I finally have a date to have blood work done to see where my tumor markers are. Next Tuesday I will have my blood work done and then it will be a waiting game. To be honest, I am torn about seeing my results. On one hand, I am excited to see the results because I feel we have worked really hard with all the drastic changes we have made with our lifestyle, and the amount of treatments I have been doing. On the other, I have to admit that there is a little fear in the back of my mind whispering to me that everything won’t be ok. This is where the battle lies. In the mind. It is a daily fight to remain positive and focused. But fight I will! Please continue to pray for our family. Pray for peace in this time as we await the results of the blood work.
Thanks for being a part of our journey.
To learn more about tumor markers, check out below the info I found on the cancer.gov website. Thanks.
What are tumor markers?
Tumor markers are substances that are produced by cancer or by other cells of the body in response to cancer or certain benign (noncancerous) conditions. Most tumor markers are made by normal cells as well as by cancer cells; however, they are produced at much higher levels in cancerous conditions. These substances can be found in the blood, urine, stool, tumor tissue, or other tissues or bodily fluids of some patients with cancer. Most tumor markers are proteins. However, more recently, patterns of gene expression and changes to DNA have also begun to be used as tumor markers.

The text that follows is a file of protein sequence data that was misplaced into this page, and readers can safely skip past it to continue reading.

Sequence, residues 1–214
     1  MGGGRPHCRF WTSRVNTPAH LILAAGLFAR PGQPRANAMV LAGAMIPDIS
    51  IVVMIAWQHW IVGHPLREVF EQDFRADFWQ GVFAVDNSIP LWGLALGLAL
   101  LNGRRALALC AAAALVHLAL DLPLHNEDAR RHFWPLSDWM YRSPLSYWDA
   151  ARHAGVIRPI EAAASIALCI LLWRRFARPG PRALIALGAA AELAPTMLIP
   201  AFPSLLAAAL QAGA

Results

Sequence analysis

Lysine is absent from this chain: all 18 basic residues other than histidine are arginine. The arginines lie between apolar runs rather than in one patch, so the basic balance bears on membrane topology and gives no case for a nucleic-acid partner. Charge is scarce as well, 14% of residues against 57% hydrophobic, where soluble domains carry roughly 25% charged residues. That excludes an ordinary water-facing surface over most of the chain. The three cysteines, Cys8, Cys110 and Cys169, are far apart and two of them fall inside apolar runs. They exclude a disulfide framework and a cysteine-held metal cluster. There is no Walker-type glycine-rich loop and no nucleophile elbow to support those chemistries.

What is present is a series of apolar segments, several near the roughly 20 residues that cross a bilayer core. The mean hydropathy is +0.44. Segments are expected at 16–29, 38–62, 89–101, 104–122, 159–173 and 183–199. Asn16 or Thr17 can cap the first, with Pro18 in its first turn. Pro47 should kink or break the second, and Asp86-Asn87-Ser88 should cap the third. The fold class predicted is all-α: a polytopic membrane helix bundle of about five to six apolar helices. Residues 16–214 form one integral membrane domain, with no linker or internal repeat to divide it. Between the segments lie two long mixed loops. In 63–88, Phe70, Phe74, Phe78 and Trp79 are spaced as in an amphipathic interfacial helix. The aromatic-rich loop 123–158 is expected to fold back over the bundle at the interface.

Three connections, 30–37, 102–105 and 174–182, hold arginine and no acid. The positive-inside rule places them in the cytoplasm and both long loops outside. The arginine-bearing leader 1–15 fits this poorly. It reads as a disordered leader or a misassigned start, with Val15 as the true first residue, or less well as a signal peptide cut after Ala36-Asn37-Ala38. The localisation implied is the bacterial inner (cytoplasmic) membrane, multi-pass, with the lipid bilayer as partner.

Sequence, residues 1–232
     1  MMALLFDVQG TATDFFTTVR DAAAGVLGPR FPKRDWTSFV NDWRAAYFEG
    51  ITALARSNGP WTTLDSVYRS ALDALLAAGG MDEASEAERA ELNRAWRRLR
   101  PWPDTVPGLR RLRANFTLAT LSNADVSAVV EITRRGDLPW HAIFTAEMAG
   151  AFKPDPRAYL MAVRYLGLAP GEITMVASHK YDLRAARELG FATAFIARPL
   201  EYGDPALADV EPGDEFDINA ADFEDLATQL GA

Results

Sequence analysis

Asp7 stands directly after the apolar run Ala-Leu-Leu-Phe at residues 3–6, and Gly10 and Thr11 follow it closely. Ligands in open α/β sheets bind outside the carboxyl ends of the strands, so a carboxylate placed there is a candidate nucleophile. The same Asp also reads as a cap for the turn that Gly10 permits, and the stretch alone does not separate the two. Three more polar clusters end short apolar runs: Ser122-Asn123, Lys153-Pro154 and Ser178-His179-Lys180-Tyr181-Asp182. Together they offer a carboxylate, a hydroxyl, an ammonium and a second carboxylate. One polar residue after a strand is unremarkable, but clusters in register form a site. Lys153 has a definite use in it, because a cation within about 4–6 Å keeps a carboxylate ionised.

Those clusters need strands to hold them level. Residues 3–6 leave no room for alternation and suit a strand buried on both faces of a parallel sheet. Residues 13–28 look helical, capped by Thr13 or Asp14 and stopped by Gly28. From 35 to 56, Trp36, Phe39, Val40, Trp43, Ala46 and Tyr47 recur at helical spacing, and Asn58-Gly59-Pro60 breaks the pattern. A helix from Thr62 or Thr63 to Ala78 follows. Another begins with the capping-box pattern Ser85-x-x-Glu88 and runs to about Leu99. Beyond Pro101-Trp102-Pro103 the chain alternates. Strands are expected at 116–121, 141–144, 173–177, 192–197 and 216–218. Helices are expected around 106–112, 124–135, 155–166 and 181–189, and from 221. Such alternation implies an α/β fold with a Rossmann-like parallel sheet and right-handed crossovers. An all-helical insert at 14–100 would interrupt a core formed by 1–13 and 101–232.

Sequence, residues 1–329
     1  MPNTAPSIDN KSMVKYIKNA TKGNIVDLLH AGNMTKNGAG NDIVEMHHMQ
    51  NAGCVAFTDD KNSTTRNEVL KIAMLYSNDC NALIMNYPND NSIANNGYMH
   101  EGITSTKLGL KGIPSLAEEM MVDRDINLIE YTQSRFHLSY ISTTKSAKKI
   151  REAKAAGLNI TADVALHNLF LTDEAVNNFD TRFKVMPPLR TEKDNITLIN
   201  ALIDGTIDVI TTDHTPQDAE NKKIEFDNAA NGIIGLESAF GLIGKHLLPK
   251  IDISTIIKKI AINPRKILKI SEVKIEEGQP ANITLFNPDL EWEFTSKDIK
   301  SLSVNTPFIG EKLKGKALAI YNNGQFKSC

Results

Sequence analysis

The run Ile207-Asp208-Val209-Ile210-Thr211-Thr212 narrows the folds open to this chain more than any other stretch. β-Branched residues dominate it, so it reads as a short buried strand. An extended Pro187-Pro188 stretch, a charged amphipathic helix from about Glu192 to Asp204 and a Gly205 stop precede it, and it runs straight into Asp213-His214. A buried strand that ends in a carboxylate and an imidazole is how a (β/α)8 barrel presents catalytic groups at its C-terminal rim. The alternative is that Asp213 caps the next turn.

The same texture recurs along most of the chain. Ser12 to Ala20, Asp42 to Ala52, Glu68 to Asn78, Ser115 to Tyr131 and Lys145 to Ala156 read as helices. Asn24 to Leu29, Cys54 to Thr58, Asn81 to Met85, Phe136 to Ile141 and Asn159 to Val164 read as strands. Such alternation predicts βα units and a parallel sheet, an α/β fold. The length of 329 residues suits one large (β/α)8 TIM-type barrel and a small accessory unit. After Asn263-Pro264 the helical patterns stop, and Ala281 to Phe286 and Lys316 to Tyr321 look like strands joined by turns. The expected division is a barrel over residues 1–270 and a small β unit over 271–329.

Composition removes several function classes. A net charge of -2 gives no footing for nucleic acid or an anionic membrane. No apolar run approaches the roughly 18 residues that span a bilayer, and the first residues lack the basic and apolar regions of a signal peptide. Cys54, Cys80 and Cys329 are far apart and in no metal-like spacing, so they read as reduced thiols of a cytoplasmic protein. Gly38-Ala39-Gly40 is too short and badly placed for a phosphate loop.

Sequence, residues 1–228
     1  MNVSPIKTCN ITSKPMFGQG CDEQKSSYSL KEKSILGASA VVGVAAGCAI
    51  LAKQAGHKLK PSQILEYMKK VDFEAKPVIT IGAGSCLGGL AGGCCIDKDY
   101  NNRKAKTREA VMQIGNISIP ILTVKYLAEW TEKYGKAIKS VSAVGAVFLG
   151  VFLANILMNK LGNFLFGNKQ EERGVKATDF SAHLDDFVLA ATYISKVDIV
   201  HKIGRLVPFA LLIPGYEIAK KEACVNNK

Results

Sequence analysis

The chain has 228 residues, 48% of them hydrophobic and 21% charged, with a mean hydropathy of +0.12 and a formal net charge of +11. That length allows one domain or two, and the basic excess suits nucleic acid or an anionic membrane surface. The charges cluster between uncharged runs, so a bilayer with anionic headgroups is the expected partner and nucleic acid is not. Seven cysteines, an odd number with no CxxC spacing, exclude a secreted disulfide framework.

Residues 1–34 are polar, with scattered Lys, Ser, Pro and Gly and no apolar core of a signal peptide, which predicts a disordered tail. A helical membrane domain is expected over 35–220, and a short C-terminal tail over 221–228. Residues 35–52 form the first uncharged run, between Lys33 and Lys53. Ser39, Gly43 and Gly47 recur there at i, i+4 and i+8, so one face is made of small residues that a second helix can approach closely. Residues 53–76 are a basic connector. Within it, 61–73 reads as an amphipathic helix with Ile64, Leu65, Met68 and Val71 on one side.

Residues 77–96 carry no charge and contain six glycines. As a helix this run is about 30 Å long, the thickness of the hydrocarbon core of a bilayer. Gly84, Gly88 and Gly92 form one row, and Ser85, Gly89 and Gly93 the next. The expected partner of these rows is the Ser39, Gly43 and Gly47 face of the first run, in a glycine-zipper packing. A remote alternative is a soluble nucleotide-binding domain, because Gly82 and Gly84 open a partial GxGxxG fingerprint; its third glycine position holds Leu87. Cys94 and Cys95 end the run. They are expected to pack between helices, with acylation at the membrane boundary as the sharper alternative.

Many different tumor markers have been characterized and are in clinical use. Some are associated with only one type of cancer, whereas others are associated with two or more cancer types. No “universal” tumor marker that can detect any type of cancer has been found.
There are some limitations to the use of tumor markers. Sometimes, noncancerous conditions can cause the levels of certain tumor markers to increase. In addition, not everyone with a particular type of cancer will have a higher level of a tumor marker associated with that cancer. Moreover, tumor markers have not been identified for every type of cancer.
How are tumor markers used in cancer care?
Tumor markers are used to help detect, diagnose, and manage some types of cancer. Although an elevated level of a tumor marker may suggest the presence of cancer, this alone is not enough to diagnose cancer. Therefore, measurements of tumor markers are usually combined with other tests, such as biopsies, to diagnose cancer.
Tumor marker levels may be measured before treatment to help doctors plan the appropriate therapy. In some types of cancer, the level of a tumor marker reflects the stage (extent) of the disease and/or the patient’s prognosis (likely outcome or course of disease). More information about staging is available in the NCI fact sheet Cancer Staging.
Tumor markers may also be measured periodically during cancer therapy. A decrease in the level of a tumor marker or a return to the marker’s normal level may indicate that the cancer is responding to treatment, whereas no change or an increase may indicate that the cancer is not responding.
Tumor markers may also be measured after treatment has ended to check for recurrence (the return of cancer).
How are tumor markers measured?
A doctor takes a sample of tumor tissue or bodily fluid and sends it to a laboratory, where various methods are used to measure the level of the tumor marker.
If the tumor marker is being used to determine whether treatment is working or whether there is a recurrence, the marker’s level will be measured in multiple samples taken over time. Usually these “serial measurements,” which show whether the level of a marker is increasing, staying the same, or decreasing, are more meaningful than a single measurement.